CloudFlare mitigates this by looking for requests containing things that look like database queries. Almost no websites take in raw database commands as normal queries. This means that CloudFlare can search for suspicious traffic and prevent it from accessing your page.

Cross-site scripting

Cross-site scripting is similar to SQL injection except that it deals with JavaScript and not database SQL. If you have a site that has comments, for example, an unprotected site might allow a hacker to put their own JavaScript on it. Any other user of the site could execute that JavaScript. They could do things like sniff for passwords, or even credit card information.

CloudFlare prevents this in a similar fashion by looking for requests that contain JavaScript and blocking them.

Open ports

Often, services available on a server can be available without the sysadmin knowing about it. If Telnet is allowed, for example, an attacker could simply log in to the system and start checking out source code, looking into the database, or taking down the website.

CloudFlare acts as a firewall to ensure that the ports are blocked even if the server has them open.

Challenge page

When CloudFlare receives a request from a suspect user, it will usually show a challenge page asking the user to fill out a captcha to access the site. The options for customizing these settings is on the Security Settings tab:

You can also configure how that page looks by clicking on Customize. By default, it will look something like the following:

E-mail address obfuscation

E-mail address obfuscation scrambles any e-mail addresses on your page, then runs some JavaScript to decode it so that the text ends up being readable. This is nice in order to avoid getting spam in your user's e-mails, but the downside is that if a user has JavaScript disabled, they will not be able to read e-mail addresses:

Server side exclude

If there is any content you really don't want suspicious users to see, you can wrap it in the <!—sse--> tags to hide it:

Browser integrity check

A browser integrity check will analyze the HTTP headers to see if the user appears suspicious. I suggest enabling this as another method to look for potentially suspicious users:

Hotlink protection

Hotlink protection ensures that your images cannot be easily stolen and put on another site via hotlinks. The users will still be able to download the images and rehost them, but would not be able to use your site to do so:

The only reason to enable this would be to prevent server costs of hosting images on a high-traffic site. However, CloudFlare should optimize images, making this a somewhat minor security feature.

Threat control

The threat control part of CloudFlare allows you to see the individuals that are getting blocked and see more information about them:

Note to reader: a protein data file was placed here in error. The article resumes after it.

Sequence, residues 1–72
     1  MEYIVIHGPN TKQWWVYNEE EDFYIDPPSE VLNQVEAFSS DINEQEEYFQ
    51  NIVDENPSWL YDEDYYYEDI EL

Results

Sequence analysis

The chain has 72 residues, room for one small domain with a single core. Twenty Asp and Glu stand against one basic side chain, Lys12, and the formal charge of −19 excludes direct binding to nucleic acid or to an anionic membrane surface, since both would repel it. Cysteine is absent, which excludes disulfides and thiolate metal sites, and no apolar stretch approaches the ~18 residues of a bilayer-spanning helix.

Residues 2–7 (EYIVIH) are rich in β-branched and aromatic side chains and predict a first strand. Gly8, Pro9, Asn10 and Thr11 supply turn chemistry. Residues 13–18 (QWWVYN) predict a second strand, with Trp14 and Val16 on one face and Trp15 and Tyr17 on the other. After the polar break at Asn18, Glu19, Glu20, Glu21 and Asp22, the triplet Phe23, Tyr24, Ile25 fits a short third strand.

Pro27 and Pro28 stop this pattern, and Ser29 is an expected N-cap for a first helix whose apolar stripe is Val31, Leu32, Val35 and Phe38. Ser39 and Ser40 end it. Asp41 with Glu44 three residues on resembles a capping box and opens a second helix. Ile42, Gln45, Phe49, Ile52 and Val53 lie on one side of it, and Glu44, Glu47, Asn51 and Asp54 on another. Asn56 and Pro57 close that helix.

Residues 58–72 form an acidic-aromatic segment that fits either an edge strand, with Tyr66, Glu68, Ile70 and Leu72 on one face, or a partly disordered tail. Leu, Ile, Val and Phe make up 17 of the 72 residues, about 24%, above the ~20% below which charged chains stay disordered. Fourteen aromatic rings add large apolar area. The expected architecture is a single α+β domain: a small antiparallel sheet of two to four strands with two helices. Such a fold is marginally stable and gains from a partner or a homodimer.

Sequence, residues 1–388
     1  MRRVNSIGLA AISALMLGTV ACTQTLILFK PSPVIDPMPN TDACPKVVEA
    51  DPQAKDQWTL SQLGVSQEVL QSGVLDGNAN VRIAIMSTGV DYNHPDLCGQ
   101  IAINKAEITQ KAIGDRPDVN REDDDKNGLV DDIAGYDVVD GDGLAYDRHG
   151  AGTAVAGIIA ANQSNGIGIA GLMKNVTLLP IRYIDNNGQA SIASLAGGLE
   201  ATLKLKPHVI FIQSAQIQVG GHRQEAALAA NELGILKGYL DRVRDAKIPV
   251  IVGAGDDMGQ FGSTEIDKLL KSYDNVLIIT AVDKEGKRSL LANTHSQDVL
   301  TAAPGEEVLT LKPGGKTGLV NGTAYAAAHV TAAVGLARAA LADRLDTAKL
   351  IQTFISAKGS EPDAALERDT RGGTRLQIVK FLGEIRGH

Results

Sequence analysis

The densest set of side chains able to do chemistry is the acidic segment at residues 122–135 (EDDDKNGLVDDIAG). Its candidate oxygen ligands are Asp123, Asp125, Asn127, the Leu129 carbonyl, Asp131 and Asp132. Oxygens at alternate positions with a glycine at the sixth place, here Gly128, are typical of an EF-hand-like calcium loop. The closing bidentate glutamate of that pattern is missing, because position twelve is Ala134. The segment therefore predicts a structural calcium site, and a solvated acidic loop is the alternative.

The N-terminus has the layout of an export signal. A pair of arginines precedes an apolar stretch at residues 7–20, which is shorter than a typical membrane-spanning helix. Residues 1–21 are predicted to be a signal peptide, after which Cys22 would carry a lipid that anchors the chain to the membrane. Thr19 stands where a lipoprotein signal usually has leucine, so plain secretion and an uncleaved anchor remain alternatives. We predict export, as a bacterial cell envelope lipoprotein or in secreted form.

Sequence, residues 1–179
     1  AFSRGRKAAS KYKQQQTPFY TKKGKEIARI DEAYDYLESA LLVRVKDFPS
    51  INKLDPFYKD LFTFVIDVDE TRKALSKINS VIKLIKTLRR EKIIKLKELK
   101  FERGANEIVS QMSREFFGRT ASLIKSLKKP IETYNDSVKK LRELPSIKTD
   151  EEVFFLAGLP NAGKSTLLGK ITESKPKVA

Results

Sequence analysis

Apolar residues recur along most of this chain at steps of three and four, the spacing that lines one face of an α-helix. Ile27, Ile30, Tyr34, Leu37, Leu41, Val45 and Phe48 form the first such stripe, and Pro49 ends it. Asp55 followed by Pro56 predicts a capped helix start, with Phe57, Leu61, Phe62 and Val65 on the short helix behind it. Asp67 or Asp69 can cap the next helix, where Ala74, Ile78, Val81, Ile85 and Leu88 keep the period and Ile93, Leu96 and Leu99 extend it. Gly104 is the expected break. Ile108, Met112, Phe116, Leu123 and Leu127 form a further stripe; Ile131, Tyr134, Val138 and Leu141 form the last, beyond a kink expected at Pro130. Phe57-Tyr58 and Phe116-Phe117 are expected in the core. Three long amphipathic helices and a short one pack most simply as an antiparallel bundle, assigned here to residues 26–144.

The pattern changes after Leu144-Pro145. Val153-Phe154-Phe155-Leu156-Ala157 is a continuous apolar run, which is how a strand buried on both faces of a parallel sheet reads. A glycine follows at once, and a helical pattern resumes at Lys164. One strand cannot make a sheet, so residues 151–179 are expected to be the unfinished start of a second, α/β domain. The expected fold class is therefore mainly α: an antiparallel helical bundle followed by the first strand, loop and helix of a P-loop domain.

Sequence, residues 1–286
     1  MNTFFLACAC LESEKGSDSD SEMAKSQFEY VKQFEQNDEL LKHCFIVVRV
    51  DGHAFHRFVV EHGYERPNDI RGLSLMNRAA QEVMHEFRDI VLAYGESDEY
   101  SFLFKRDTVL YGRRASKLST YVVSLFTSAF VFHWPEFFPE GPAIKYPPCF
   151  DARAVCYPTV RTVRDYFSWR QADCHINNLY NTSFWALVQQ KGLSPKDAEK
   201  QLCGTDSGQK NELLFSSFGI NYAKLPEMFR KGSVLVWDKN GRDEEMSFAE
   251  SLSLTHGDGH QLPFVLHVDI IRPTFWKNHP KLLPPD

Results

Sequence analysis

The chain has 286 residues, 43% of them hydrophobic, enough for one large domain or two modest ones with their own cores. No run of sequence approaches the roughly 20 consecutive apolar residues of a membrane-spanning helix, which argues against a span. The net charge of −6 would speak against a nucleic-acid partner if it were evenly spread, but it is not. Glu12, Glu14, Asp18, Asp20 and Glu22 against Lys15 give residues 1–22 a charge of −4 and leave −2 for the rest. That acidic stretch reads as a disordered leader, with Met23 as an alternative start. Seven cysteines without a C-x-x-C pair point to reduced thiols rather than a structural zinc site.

Here I can see all the spammers and botnet zombies that have come to my site. By hovering over the CHALLENGED text, I can also see that they all had reached a captcha, but did not pass it. If I were to notice that a user was hitting the same captcha and passing it, I might want to whitelist their IP by clicking on TRUST.

I could also add in a range of IPs that I wanted to trust.

SSL configuration

If you have any sort of login/authentication on your website, having SSL configured is an absolutely necessary security step you will have to take.

Why SSL is important

When you access information on the Internet, the data does not flow directly to/from your computer. It actually goes out to every computer on the network and those that want the traffic pay attention. For example, when you're browsing Facebook, every single person on your Wi-Fi network is receiving the same data that your browser is. They can choose to listen to that traffic and easily pretend to be you.

SSL encrypts that traffic, so even if someone tried listening to the data, they will not be able to understand the information.

If you are unfamiliar with SSL, I highly suggest looking up the Firesheep exploit on the Internet. A couple of years ago it allowed even non-technical users the ability to almost immediately hack into someone's Facebook account just by being on the same network.

This drove Facebook to start heavily using SSL, so the issue is not nearly as severe as it once was.

On a pure content site without any login/authentication it is not necessary, however even most blog sites will have an admin login I'm sure you will want to protect.

Luckily, you're using CloudFlare, and it's very easy to set up.


At the time of writing this book, SSL support requires the Professional plan (or higher).

CloudFlare Flexible SSL

Normally you will configure your server with an SSL certificate. It's a fairly involved task, and requires purchasing an expensive SSL certificate from a certificate authority. CloudFlare offers an alternative that is much simpler to set up: